This week in 1973, the uncrewed Skylab was launched aboard a modified Saturn V launch vehicle from NASA’s Kennedy Space Center. The initial concept for the United States’ first space station was devised at NASA’s Marshall Space Flight Center. Marshall managed the development of Skylab hardware, provided the Saturn launch vehicles for the four Skylab missions and directed many of the space station’s experiments.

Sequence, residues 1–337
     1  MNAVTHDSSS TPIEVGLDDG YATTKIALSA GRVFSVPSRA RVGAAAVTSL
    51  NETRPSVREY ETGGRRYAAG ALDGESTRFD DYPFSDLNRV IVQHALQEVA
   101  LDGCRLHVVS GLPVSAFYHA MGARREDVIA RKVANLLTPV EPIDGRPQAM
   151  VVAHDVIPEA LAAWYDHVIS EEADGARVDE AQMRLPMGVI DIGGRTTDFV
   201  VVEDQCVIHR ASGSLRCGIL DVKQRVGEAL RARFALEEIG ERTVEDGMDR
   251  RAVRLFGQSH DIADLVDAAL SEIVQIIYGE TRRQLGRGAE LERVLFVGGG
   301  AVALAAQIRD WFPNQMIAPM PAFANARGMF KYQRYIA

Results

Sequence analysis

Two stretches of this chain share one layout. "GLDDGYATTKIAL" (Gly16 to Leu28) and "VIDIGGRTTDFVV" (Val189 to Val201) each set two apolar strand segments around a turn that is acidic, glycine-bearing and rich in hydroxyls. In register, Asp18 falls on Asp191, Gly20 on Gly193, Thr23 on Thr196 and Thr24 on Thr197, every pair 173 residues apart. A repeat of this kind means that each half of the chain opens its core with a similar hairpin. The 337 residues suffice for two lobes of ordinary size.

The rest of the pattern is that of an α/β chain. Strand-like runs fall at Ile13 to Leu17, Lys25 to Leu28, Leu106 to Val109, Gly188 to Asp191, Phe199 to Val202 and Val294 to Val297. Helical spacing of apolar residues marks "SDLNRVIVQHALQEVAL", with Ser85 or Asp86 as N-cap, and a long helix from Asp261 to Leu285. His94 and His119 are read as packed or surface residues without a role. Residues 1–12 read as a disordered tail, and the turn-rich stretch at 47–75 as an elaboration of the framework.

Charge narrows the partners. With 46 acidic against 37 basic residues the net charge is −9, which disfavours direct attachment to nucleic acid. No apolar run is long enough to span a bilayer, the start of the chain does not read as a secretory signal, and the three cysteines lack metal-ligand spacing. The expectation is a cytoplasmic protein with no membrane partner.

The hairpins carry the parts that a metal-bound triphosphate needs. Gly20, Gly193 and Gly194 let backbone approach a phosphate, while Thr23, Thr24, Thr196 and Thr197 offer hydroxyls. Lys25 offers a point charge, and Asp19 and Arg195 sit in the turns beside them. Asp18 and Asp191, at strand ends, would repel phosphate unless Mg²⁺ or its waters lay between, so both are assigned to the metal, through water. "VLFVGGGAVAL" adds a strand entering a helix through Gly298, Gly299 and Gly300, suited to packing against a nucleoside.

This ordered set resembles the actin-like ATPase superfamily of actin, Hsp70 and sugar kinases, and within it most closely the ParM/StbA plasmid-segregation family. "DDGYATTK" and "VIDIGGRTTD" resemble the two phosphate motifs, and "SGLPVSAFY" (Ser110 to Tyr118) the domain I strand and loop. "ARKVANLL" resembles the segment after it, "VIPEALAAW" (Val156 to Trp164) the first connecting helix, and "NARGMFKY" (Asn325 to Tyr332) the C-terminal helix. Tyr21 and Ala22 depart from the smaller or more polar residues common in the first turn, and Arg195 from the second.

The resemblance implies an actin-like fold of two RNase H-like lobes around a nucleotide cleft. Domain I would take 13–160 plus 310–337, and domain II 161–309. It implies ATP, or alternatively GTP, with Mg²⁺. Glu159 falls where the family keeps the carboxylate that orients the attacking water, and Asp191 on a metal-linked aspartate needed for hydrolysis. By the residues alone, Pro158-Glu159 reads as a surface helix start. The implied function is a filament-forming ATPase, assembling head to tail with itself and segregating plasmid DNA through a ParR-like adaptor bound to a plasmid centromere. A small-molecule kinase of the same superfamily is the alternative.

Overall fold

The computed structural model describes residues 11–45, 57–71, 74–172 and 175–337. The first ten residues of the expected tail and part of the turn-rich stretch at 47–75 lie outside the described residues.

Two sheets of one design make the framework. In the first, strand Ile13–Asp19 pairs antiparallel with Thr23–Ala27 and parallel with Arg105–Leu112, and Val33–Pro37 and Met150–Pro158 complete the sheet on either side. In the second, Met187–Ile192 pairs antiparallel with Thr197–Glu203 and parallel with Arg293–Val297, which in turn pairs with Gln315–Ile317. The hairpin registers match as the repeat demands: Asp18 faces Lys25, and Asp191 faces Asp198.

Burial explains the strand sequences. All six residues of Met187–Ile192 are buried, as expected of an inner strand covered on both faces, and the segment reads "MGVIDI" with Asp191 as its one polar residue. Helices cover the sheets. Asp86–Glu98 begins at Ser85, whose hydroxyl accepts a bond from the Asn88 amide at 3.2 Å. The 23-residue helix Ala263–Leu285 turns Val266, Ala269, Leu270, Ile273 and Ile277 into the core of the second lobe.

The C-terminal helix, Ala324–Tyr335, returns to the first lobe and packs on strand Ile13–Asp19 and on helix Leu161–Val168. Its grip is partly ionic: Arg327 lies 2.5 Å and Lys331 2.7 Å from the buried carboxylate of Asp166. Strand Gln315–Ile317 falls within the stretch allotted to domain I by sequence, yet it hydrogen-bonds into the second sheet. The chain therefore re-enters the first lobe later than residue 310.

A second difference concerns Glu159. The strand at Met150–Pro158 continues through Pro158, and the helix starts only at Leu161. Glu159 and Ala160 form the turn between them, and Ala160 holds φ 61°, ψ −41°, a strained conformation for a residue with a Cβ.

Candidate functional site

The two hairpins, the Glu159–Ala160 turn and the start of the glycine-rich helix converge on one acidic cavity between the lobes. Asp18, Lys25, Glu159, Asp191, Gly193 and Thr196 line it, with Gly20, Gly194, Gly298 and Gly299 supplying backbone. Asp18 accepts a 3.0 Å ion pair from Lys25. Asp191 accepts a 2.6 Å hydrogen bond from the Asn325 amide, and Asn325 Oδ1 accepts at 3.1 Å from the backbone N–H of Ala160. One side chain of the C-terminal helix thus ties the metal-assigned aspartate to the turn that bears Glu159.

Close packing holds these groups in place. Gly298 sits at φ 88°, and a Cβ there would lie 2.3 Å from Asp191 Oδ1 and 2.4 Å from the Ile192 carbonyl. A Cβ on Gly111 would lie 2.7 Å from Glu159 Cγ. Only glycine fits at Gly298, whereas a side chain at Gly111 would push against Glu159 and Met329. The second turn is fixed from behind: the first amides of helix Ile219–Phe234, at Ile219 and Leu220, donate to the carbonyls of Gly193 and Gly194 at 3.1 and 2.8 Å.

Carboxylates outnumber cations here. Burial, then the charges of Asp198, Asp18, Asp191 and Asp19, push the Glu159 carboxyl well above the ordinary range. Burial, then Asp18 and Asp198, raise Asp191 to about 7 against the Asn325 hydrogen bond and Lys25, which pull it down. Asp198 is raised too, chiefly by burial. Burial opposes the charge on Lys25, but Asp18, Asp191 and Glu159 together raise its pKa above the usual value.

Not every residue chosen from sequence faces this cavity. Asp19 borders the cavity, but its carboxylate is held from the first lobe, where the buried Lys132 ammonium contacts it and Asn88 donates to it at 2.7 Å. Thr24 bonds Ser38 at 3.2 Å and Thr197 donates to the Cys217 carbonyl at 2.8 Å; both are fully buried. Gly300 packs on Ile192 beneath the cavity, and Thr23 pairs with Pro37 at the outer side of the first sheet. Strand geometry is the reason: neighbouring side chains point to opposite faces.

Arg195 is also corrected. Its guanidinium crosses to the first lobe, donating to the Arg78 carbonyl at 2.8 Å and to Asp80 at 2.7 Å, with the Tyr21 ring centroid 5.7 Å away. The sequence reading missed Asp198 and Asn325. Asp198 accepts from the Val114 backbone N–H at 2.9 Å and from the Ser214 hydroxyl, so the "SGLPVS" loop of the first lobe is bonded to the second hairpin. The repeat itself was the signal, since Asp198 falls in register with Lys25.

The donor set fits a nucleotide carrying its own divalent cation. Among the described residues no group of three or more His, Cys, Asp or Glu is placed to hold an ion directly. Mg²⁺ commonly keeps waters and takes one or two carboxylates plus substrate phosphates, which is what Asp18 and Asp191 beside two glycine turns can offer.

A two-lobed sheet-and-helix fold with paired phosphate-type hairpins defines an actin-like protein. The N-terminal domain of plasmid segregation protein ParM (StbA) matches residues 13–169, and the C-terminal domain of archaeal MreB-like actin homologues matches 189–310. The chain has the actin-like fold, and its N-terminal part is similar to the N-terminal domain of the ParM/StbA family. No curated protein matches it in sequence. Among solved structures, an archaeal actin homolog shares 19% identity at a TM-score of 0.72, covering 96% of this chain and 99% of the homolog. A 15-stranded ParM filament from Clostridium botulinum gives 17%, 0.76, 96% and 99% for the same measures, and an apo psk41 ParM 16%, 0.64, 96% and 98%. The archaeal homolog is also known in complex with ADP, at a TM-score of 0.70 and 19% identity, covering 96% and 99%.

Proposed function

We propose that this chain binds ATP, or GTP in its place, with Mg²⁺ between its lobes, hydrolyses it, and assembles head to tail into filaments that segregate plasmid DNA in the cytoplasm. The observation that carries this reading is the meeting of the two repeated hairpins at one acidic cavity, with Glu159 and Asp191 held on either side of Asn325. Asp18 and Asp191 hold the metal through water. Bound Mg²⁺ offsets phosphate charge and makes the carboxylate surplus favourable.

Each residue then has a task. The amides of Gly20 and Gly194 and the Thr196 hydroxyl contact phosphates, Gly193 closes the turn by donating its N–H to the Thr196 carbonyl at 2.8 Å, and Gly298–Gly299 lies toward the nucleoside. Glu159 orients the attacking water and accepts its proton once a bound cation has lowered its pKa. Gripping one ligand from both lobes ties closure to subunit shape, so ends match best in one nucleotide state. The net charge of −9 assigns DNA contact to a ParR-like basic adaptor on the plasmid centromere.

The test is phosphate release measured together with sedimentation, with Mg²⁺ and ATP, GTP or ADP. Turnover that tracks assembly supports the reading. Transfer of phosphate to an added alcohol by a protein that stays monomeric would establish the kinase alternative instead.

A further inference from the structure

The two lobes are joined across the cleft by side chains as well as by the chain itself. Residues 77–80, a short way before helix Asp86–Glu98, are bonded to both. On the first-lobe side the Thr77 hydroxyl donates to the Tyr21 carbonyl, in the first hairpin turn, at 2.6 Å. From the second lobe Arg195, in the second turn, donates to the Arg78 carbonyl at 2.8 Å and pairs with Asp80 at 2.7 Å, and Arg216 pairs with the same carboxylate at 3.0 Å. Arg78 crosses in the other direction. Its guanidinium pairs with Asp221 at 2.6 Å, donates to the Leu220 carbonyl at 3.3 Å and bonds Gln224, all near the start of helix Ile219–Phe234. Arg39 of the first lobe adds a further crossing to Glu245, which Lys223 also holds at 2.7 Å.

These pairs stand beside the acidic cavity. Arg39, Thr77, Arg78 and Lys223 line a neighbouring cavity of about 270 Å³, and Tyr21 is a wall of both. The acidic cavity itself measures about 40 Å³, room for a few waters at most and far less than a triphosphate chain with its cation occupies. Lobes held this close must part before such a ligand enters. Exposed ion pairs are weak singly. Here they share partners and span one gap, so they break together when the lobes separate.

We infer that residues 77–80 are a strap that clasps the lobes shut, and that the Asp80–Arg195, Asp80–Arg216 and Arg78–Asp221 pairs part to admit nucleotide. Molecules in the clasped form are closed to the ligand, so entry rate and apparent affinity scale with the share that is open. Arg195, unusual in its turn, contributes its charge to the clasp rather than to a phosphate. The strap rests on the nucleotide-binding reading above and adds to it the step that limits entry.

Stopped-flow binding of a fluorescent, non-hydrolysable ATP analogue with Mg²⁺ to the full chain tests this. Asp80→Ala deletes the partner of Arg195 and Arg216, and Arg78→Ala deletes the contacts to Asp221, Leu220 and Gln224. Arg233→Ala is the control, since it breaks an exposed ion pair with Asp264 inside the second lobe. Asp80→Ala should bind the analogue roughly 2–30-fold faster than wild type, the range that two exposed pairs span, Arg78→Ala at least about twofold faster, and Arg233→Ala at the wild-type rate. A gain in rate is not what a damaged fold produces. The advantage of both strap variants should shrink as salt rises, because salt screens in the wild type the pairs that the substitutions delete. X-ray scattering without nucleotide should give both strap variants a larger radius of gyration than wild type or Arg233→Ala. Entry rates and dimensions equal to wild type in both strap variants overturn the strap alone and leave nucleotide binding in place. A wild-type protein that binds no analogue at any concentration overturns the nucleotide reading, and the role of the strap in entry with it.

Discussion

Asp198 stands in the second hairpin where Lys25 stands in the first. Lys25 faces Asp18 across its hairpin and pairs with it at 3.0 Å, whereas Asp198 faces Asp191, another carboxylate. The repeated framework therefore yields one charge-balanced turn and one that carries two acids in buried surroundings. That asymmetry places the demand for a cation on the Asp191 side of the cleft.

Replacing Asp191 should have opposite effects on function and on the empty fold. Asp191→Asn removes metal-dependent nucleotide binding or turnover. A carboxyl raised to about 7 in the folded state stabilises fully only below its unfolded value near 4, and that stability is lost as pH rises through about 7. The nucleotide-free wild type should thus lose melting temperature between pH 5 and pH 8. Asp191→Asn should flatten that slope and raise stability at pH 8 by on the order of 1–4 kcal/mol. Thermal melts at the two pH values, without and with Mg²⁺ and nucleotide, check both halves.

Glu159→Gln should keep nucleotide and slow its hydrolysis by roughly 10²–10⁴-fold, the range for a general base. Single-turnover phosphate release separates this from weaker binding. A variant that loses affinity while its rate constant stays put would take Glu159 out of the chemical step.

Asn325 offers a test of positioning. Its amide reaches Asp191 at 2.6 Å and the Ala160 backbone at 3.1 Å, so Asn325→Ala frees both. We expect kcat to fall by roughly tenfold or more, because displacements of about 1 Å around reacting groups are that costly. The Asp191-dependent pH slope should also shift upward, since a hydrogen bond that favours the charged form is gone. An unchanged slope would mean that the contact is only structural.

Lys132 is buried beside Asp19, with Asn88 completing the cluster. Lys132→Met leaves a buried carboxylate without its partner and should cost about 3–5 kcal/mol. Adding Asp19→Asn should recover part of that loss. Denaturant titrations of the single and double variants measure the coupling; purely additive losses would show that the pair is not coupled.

Over the course of its human occupation from May 25, 1973, to February 8, 1974, three crews visited Skylab, carried out 270 scientific and technical investigations and logged a combined 171 days on orbit. Today, Marshall’s Payload Operations Integration Center serves as “science central” for the International Space Station, working 24/7, 365 days a year in support of the orbiting laboratory’s scientific experiments. The NASA History Program is responsible for generating, disseminating, and preserving NASA’s remarkable history and providing a comprehensive understanding of the institutional, cultural, social, political, economic, technological, and scientific aspects of NASA’s activities in aeronautics and space. For more pictures like this one and to connect to NASA’s history, visit the Marshall History Program’s webpage. (NASA)